Robert Christgau: Dean of American Rock Critics

Consumer Guide:
  User's Guide
  Grades 1990-
  Grades 1969-89
  And It Don't Stop
  Book Reports
  Is It Still Good to Ya?
  Going Into the City
  Consumer Guide: 90s
  Grown Up All Wrong
  Consumer Guide: 80s
  Consumer Guide: 70s
  Any Old Way You Choose It
  Don't Stop 'til You Get Enough
Xgau Sez
  And It Don't Stop
  CG Columns
  Rock&Roll& [new]
  Rock&Roll& [old]
  Music Essays
  Music Reviews
  Book Reviews
  NAJP Blog
  Rolling Stone
  Video Reviews
  Pazz & Jop
Web Site:
  Site Map
  What's New?
Carola Dibbell:
  Carola's Website
CG Search:
Google Search:
Metro Blue
Afropop tastes best straight up. That doesn't mean devoid of First World influences, which African musicians have been seizing at will since the '20s. It means devoid of the misfired fusions and arty kitsch that undermine so many well-meaning translations back into First World tongues--the Air France keyboards of Francois Breant and Jean-Philippe Rykiel on master singer Salif Keita's 1987 Soro, say, or the flamboyant ecstasies of Spanish flamencoists Ketama on their two Songhai projects with kora god Toumani Diabate.

So if somebody told you the new collaborations by both Malian virtuosos are their finest solo records, would you consider it noteworthy that both involve black Americans rather than white Europeans--jazz-rock-other guitarist Vernon Reid coproducing Keita, folkie bluesman Taj Majal convening with Diabate? This is hardly a surefire cultural formula, as a passel of paternalistic jazzmen have proven. But because Reid and Mahal love pop music, and because Keita and Diabate are bigshots in the world music world, these are equal partnerships. What's more, the Africans need partners. Soro never fulfilled its supposed crossover destiny, and Diabate has a sideman's low-concept soul no matter how fancy his ax--his recent collection of kora duets with Ballaka Sissoko is as New Agey as its title, which is, oh my, New Ancient Strings.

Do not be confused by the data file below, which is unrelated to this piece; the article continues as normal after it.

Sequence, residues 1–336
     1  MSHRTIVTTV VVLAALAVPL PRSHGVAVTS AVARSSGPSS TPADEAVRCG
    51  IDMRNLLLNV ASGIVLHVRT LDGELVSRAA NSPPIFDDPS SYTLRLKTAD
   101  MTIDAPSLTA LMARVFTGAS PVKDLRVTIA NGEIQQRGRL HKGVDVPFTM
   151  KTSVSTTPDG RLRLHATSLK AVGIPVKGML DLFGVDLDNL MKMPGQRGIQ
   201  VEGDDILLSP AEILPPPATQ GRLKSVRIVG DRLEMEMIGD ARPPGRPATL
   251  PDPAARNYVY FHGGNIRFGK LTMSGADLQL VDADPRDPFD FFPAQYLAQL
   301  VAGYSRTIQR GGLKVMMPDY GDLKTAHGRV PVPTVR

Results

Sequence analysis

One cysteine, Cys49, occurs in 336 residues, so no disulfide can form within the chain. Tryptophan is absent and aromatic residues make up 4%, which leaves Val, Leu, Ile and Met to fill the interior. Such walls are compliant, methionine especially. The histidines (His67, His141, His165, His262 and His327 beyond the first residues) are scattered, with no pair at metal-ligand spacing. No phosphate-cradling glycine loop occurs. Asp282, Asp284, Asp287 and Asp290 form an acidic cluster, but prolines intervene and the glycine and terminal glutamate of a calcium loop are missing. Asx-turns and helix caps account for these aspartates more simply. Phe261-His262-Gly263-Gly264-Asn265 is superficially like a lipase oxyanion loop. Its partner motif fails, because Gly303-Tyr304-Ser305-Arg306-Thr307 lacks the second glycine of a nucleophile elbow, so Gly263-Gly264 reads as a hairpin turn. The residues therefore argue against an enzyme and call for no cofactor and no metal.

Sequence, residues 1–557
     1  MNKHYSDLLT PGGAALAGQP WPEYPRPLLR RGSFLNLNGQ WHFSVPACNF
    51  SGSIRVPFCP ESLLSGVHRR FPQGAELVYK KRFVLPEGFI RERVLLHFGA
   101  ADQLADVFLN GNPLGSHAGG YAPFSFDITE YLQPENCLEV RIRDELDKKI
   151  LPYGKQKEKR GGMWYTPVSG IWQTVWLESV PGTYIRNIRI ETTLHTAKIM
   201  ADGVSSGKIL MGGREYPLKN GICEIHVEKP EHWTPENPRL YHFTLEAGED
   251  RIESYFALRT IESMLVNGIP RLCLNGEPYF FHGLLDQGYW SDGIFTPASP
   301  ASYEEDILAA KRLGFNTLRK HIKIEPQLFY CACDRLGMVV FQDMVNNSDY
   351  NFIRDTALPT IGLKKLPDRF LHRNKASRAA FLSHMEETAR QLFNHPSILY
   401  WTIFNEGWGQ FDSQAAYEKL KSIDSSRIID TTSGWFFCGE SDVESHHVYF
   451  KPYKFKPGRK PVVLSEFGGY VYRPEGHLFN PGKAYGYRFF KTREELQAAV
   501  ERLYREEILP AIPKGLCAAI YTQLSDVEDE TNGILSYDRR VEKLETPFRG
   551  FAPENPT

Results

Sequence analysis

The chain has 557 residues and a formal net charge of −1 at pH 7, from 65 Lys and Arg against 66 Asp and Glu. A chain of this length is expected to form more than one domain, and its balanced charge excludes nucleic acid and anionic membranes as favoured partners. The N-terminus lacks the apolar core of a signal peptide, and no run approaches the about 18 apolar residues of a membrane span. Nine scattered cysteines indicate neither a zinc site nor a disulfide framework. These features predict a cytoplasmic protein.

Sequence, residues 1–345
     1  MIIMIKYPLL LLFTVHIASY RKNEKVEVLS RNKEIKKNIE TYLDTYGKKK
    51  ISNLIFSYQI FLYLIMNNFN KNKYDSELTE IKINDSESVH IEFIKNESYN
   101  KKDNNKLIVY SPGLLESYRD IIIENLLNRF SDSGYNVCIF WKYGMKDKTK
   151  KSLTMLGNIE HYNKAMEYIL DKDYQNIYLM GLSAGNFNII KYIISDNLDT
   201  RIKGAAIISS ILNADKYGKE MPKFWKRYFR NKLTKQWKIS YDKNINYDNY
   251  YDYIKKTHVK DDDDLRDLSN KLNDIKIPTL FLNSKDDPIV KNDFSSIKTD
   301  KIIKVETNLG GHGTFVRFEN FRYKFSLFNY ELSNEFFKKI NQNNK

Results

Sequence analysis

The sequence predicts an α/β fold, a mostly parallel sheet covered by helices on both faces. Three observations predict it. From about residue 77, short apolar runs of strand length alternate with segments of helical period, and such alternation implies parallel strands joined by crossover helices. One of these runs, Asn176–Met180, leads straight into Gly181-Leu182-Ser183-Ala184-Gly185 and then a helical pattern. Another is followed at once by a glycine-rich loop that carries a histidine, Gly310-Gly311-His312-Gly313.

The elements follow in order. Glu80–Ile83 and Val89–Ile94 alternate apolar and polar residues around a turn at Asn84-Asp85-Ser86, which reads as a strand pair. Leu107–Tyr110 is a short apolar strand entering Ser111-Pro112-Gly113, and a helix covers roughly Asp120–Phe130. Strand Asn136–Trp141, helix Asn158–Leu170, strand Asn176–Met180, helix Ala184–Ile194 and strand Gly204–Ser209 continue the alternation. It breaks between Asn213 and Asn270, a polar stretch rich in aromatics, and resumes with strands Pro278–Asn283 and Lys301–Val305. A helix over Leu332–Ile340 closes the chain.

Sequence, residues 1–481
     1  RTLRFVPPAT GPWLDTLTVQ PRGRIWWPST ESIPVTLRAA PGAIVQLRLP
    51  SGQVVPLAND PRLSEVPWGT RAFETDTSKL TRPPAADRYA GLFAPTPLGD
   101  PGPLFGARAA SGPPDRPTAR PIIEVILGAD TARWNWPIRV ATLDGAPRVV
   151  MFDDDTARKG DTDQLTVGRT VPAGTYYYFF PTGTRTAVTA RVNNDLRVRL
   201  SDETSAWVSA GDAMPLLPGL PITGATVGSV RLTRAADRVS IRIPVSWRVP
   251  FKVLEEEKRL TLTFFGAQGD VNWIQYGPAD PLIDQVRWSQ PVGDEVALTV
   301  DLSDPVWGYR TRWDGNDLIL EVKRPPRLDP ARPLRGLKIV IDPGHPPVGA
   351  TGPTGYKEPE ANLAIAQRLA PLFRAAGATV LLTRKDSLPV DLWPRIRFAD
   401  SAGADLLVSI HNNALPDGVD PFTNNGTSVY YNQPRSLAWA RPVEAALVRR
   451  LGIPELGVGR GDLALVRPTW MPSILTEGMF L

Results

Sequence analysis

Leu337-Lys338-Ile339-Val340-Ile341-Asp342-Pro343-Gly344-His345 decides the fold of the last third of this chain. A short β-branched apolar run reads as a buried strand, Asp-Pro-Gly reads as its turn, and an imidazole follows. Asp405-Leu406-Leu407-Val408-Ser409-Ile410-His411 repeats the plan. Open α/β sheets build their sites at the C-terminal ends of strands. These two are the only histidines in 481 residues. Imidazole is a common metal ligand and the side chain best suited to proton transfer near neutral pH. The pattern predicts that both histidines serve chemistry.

Papa skews Keita's Islamic declamation toward both the metallic drive of Living Colour and the harmolodic vagaries of Reid's earlier unit, Ronald Shannon Jackson's Decoding Society. Cut with a Bamako band that includes Diabate's kora and a New York one featuring John Medeski's organ, it has room for a cellist and a programmer but no horns. There's a catchy lead cut that does something like rock, a ballad that evokes "Time After Time," disco rodomontade from Grace Jones, Reid solos and Diabate filigrees. And above all there's Keita, soaring gravely in Bambara and sometimes English, his sand-blasted yearning finally kept in focus by a production that knows the difference between embellishing and bedizening.

If Papa remains Keita's record, Mahal earns his top billing. Although he's been talking African diaspora since he showed pop his kalimba in 1972, his world music moves have reflected his West Indian heritage or his Hawaiian residence. Kulanjan is his chance to check out his abiding suspicion that all black musics are one, which he accomplishes with his trademark joie de vivre--roping an unusually light-hearted Malian woman named Ramata into the lead "Queen Bee," accommodating Toumani Diabate's more typical Sahel soul singing, letting Lasana Diabate's balafon go crazy over his crude New Orleans piano vamp, taking John Lee Hooker on another visit to Timbuktu. And throughout he exploits the rippling of his collaborator's harp-lute for esprit rather than spirituality. He and his ancestors have a jamboree. And his extended family makes it happen.

Spin, Sept. 1999